Now, at the halfway point of our trip, it is astonishing to think that we have only been in Korea for three days, given the amount we have seen and done, thanks to our classmates who have organized this incredible experience.
Our Korean food adventured deserves its own separate write-up, so for now, we will focus on the tourist highlights and company visits.
- Nanta a non-verbal performance and the longest running show in Korea, which is best described as a cooking-themed version of Broadway’s “Stomp”
- Gyeongbokgung Palace Tour
- Shopping in Dongdaemoon
- Korea War Memorial Museum
Our visit to Yonsei University began with a presentation from Dr. Hahn, Columbia Business School PhD (‘81), about the transformation of the Korean political and economic environment during the past 60 years. Learning about the growth the country has undergone during a relatively short timeframe was astonishing. We then had an exchange with Yonsei MBA students and went on a guided campus tour where we got to “experience” the high-tech Samsung Library. We were blown away by the flat screens scattered throughout the first floor that served as large touch-screens allowing students to do everything from using an interactive campus map to reading the news from nearly 100 countries in any language imaginable. The whole group was struck by the beauty and energy of the bustling campus; based on our initial impression of Yonsei, it is easy to see the appeal of attending this prestigious and thriving university.
-Liz Millman, CBS ‘14
We were graciously received by Severance Hospital, the flagship branch of the Yonsei University Health System, Korea’s first modern medical institution founded in 1885 by American medical missionary Dr Horace Allen. The medical faculty gave us a presentation on Yonsei’s work in robotic surgery, which at a cumulative caseload of 8,000 surgeries, is one of the world’s most experienced centers of robotic surgery. Yonsei has made impressive breakthroughs in expanding use of robotic surgery beyond urology and gynecology into general surgery (GS), where it has performed by far the most procedures in the world in part due to the FDA having not yet approved robotic surgery for GS in the USA. We toured Severance, built in 2005 and designed by American architects Ellerbe Becket, which resembled more of an airport terminal than a hospital with ubiquitous kiosks resembling ATMs for patients checking in. Severance is 100% paperless with exclusive use of electronic medical records (EMR) and has over 1,200 beds. Nearly all of us were left wishing we had such an efficient, comfortable, and modern hospital back home in New York.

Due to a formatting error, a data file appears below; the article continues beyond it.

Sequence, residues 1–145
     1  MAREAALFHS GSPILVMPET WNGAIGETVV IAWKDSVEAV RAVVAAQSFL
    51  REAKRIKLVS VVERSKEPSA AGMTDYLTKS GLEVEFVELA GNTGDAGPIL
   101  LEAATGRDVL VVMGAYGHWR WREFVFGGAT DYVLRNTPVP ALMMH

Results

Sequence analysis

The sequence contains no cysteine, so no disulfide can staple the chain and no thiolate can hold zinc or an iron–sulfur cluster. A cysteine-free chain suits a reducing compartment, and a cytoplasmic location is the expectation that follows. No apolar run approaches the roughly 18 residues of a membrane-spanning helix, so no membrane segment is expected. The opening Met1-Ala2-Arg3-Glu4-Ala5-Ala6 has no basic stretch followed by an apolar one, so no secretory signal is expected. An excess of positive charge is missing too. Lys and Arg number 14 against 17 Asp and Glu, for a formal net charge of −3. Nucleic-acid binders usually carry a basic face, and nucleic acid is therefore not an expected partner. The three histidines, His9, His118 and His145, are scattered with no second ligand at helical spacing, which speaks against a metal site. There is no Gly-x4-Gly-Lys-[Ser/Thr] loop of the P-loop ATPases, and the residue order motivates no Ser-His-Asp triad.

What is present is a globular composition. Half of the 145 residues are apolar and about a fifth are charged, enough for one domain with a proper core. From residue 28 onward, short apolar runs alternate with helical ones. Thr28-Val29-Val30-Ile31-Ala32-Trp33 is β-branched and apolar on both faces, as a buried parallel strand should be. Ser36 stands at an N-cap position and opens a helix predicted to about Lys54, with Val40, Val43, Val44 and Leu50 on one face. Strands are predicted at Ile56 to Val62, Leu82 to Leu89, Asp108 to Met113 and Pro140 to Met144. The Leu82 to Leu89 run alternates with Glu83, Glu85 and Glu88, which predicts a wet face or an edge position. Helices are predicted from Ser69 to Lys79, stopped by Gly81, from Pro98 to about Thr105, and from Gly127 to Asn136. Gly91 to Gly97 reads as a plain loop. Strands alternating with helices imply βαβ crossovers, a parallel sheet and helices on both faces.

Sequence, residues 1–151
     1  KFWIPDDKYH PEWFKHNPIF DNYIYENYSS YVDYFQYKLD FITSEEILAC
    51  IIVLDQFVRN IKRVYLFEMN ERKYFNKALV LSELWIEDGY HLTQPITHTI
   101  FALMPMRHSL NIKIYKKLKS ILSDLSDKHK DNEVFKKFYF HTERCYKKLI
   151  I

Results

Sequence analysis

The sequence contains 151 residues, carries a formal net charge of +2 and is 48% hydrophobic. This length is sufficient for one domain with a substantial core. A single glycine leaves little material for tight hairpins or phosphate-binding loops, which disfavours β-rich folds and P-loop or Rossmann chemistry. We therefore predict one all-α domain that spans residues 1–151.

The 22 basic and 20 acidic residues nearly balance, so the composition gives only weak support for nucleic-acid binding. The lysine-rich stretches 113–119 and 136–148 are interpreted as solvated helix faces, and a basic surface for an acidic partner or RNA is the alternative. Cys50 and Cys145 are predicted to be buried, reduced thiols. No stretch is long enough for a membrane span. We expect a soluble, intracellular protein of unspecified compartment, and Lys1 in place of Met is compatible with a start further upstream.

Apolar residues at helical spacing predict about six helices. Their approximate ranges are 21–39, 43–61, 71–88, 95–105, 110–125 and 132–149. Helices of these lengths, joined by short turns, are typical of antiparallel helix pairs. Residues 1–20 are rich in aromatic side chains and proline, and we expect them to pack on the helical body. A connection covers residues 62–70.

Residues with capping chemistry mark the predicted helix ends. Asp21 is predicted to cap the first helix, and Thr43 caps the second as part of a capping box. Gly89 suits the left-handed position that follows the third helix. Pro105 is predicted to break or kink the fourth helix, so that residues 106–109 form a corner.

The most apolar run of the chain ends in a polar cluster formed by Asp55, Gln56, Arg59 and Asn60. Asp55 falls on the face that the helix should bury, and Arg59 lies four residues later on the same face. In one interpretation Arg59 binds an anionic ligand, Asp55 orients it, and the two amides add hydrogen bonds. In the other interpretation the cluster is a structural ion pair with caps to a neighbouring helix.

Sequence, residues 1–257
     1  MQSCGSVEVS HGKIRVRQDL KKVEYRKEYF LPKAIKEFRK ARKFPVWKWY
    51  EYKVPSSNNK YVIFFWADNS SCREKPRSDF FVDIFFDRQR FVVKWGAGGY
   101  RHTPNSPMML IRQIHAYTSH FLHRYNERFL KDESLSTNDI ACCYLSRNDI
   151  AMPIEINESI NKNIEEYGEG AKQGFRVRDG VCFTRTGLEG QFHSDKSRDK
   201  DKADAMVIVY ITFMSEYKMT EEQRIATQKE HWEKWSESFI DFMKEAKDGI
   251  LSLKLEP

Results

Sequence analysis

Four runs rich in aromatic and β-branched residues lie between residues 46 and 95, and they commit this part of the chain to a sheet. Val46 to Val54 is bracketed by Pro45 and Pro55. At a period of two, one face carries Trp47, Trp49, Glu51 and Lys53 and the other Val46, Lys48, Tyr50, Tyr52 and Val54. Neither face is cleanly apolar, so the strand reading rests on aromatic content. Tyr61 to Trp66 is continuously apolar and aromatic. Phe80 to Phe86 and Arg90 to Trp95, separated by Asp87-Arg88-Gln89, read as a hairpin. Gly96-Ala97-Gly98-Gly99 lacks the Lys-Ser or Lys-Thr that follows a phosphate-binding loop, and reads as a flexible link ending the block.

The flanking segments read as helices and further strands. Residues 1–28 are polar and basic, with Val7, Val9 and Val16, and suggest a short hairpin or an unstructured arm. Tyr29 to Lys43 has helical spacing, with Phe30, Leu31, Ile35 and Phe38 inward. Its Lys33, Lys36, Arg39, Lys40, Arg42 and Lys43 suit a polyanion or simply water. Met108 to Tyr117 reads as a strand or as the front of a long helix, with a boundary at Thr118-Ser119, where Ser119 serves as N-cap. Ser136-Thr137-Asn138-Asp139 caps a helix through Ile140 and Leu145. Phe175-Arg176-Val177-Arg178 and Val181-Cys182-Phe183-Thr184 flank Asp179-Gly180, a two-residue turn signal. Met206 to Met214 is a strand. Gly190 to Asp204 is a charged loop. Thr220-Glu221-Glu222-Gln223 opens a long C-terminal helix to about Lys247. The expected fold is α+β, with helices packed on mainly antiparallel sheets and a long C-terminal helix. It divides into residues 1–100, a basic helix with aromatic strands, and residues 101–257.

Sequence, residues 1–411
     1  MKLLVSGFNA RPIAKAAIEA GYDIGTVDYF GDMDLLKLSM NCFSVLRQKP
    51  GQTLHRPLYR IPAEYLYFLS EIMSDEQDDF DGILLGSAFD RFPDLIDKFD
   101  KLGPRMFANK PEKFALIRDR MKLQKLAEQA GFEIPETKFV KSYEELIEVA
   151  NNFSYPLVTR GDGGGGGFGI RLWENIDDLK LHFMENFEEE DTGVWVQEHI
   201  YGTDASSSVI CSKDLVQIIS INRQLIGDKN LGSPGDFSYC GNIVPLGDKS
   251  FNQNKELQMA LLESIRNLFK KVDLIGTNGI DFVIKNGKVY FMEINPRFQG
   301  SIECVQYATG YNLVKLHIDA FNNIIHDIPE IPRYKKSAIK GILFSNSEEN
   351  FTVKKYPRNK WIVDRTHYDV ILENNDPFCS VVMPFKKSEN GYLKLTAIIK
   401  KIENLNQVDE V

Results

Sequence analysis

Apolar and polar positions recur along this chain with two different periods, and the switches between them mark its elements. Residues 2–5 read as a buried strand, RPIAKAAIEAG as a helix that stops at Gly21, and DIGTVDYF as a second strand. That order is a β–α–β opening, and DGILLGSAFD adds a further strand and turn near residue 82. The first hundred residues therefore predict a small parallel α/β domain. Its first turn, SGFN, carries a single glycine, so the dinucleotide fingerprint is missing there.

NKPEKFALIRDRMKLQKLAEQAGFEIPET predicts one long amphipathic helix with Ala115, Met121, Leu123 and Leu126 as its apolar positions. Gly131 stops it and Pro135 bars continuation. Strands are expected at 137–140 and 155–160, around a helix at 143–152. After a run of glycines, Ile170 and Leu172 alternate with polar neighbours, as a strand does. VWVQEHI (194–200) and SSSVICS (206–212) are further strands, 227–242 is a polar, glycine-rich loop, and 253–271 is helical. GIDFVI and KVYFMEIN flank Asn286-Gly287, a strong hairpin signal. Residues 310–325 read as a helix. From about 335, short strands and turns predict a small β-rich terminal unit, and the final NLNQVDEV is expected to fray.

-Paul Brandenburg, CBS ‘13
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